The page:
This unusual story appeared at the bottom of the front page of the New York World newspaper in July 17, 1913:
MAN FROZEN TO DEATH OR KILLED BY A FALL
Hugo Meissner, assistant engineer of the artificial ice plant at Rochester and Atlantic Avenues, Brooklyn, was found dead today lying on tons of ice in a storage room on the lower floor of the building. The body was frozen stiff, but an autopsy will be necessary to determine if death was caused by freezing.
The surgeons think he fell and struck on his head at the bottom of the chute and fractured his skull. In his helpless condition he succumbed from the cold.
Further details from other news sources reveal Meissner to be a machinist for the Atlantic Hygienic Ice Company in the neighborhood of Bedford-Stuyvesant.
Ice manufacturing was such a relatively new craft in 1913 that what they refer to here as ‘artificial ice’ simply means ice manufactured and processed in a plant vs. naturally occurring ice. They are obviously not referring to synthetic ice (sometimes called artificial ice), which is used for skating rinks.
In the 19th century, ice was harvested from frozen rivers and stored in northern ice houses. Artificial ice plants began appearing around the 1880s. This ad from the 1916 Brooklyn Daily Eagle provides a listing of artificial ice makers in New York City. There was clearly some concern then of artificial ice not being as clean as ‘real’ ice, as this advertisement stresses its product’s purity:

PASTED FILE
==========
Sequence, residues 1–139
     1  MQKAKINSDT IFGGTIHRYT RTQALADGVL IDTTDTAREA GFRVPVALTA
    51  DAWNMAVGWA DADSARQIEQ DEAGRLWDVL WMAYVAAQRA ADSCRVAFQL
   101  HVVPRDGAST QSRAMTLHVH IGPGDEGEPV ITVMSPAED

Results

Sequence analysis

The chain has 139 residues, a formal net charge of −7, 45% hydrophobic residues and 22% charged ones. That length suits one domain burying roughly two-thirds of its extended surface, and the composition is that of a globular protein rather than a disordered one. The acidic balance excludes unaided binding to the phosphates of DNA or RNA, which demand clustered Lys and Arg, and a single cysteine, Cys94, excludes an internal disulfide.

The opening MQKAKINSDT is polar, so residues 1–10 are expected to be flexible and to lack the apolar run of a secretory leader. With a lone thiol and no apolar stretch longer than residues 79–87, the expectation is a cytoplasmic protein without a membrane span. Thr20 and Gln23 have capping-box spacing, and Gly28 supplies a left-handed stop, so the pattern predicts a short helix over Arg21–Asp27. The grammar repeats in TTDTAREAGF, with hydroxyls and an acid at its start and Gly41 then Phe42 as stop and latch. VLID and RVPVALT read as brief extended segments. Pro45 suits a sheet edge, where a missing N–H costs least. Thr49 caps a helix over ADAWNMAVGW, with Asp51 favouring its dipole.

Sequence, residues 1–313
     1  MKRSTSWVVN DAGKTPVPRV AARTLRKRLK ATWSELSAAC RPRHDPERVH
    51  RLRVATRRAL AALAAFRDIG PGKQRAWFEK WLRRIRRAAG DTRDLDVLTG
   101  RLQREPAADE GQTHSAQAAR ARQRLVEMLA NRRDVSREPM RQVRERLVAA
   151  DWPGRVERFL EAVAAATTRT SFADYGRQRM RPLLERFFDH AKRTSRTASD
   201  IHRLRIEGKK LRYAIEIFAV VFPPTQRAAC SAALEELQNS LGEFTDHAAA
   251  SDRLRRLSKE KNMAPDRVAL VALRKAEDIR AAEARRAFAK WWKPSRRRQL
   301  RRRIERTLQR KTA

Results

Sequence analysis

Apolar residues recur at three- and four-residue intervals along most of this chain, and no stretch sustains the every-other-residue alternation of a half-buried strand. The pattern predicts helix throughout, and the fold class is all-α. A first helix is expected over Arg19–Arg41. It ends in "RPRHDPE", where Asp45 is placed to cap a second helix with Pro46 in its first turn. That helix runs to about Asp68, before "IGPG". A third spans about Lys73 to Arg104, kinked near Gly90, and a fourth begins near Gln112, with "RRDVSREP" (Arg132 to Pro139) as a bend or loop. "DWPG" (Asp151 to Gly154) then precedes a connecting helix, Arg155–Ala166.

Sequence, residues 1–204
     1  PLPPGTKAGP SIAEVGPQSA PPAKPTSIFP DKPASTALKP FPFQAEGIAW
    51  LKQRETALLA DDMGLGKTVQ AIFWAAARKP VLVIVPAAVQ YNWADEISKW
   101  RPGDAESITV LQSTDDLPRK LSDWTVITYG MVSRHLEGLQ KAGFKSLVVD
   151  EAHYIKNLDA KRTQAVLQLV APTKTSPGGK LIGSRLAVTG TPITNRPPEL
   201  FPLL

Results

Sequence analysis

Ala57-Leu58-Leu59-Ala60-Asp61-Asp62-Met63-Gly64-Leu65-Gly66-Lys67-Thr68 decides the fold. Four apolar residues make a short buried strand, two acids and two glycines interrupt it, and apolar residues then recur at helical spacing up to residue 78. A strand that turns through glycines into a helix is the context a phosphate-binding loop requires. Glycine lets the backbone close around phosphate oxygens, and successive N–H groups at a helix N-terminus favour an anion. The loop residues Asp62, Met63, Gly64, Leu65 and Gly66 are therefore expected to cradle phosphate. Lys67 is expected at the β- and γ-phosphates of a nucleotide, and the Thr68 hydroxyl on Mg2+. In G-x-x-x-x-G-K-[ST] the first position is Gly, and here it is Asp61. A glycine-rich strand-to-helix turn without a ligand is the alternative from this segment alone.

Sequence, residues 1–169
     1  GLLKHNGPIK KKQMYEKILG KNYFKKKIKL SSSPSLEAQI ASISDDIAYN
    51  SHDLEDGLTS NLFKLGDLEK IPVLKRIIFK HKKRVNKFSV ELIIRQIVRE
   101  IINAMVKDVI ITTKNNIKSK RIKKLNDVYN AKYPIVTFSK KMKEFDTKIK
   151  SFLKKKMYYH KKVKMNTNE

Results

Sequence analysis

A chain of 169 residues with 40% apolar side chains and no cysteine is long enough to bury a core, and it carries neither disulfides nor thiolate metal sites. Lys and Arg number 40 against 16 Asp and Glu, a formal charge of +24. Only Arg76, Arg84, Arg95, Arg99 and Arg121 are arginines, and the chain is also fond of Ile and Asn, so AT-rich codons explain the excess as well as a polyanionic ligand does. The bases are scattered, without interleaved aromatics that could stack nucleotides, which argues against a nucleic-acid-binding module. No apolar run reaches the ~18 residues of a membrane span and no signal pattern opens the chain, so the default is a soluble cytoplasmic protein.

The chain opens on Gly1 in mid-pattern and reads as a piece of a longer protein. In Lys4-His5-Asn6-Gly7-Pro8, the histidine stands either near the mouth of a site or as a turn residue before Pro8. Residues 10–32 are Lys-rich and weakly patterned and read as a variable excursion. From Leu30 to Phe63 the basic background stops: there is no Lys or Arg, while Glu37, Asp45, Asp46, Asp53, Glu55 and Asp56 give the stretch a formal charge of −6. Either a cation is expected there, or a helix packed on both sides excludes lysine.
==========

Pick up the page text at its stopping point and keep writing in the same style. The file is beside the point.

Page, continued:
The ice-making industry was near its end in New York City, as refrigeration techniques were improving, and people would soon have devices in their own homes which could make the product. It didn’t help that the ice trade had also been subject in prior decades to mass corruption and price fixing.
As to the details of this poor man’s death, the Sun provides further speculation: “Meissner went into the shaft to repair the elevator on Tuesday afternoon……[and] may have been overcome by ammonia** fumes or the change of temperature from that of a warm day to 26 degrees Fahrenheit, thus losing his hold and falling.”
His wife Bertha ended up suing the Atlantic Hygienic Ice Company in 1917. (The sometimes grisly details of the court case can be found here.) The jury originally awarded her $5,500.00 in damages — worth almost $100,000 today — but the ruling was appealed. In the end, the Atlantic Hygienic Ice Company paid Meissner’s widow $750 (or about $13,500 today).
**Ammonia was used in artificial ice making. Early artificial methods sometimes left ammonia residue in ice and led to its less-than-pure reputation.